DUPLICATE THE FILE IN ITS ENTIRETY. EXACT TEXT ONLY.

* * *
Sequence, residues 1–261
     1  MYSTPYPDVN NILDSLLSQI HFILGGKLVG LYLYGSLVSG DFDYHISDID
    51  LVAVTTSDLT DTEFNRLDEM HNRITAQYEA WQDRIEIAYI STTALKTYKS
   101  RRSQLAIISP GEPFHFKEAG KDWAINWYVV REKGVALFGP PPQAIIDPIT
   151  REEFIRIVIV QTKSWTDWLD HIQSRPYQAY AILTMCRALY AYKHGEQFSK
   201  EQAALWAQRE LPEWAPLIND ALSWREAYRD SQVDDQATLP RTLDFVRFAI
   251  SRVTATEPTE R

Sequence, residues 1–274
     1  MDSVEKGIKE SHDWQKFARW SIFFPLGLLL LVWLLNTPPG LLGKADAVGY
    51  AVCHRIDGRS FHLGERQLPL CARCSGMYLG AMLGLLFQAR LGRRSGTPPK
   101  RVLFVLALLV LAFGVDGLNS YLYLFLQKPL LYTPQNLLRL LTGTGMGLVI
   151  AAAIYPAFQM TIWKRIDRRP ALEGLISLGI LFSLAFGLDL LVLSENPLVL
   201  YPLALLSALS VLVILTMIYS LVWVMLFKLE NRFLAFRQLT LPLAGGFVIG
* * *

Sequence, residues 1–261
     1  MYSTPYPDVN NILDSLLSQI HFILGGKLVG LYLYGSLVSG DFDYHISDID
    51  LVAVTTSDLT DTEFNRLDEM HNRITAQYEA WQDRIEIAYI STTALKTYKS
   101  RRSQLAIISP GEPFHFKEAG KDWAINWYVV REKGVALFGP PPQAIIDPIT
   151  REEFIRIVIV QTKSWTDWLD HIQSRPYQAY AILTMCRALY AYKHGEQFSK
   201  EQAALWAQRE LPEWAPLIND ALSWREAYRD SQVDDQATLP RTLDFVRFAI
   251  SRVTATEPTE R

Sequence, residues 1–274
     1  MDSVEKGIKE SHDWQKFARW SIFFPLGLLL LVWLLNTPPG LLGKADAVGY
    51  AVCHRIDGRS FHLGERQLPL CARCSGMYLG AMLGLLFQAR LGRRSGTPPK
   101  RVLFVLALLV LAFGVDGLNS YLYLFLQKPL LYTPQNLLRL LTGTGMGLVI
   151  AAAIYPAFQM TIWKRIDRRP ALEGLISLGI LFSLAFGLDL LVLSENPLVL
   201  YPLALLSALS VLVILTMIYS LVWVMLFKLE NRFLAFRQLT LPLAGGFVIG